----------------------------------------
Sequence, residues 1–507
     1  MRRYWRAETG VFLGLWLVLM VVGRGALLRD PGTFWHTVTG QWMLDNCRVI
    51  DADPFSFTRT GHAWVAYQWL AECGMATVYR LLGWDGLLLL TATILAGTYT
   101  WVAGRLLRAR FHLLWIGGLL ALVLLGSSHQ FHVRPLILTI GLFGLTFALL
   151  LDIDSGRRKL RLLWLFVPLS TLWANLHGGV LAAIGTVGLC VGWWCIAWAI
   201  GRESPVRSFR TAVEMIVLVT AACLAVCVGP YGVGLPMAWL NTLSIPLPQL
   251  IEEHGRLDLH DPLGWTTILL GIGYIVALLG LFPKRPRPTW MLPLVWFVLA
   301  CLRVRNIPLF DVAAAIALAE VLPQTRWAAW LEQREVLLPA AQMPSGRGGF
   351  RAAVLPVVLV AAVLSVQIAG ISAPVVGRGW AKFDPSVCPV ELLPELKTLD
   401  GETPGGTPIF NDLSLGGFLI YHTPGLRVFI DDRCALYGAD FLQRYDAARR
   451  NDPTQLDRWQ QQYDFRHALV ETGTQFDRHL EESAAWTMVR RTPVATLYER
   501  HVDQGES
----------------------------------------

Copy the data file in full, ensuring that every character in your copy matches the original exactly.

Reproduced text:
Sequence, residues 1–507
     1  MRRYWRAETG VFLGLWLVLM VVGRGALLRD PGTFWHTVTG QWMLDNCRVI
    51  DADPFSFTRT GHAWVAYQWL AECGMATVYR LLGWDGLLLL TATILAGTYT
   101  WVAGRLLRAR FHLLWIGGLL ALVLLGSSHQ FHVRPLILTI GLFGLTFALL
   151  LDIDSGRRKL RLLWLFVPLS TLWANLHGGV LAAIGTVGLC VGWWCIAWAI
   201  GRESPVRSFR TAVEMIVLVT AACLAVCVGP YGVGLPMAWL NTLSIPLPQL
   251  IEEHGRLDLH DPLGWTTILL GIGYIVALLG LFPKRPRPTW MLPLVWFVLA
   301  CLRVRNIPLF DVAAAIALAE VLPQTRWAAW LEQREVLLPA AQMPSGRGGF
   351  RAAVLPVVLV AAVLSVQIAG ISAPVVGRGW AKFDPSVCPV ELLPELKTLD
   401  GETPGGTPIF NDLSLGGFLI YHTPGLRVFI DDRCALYGAD FLQRYDAARR
   451  NDPTQLDRWQ QQYDFRHALV ETGTQFDRHL EESAAWTMVR RTPVATLYER
   501  HVDQGES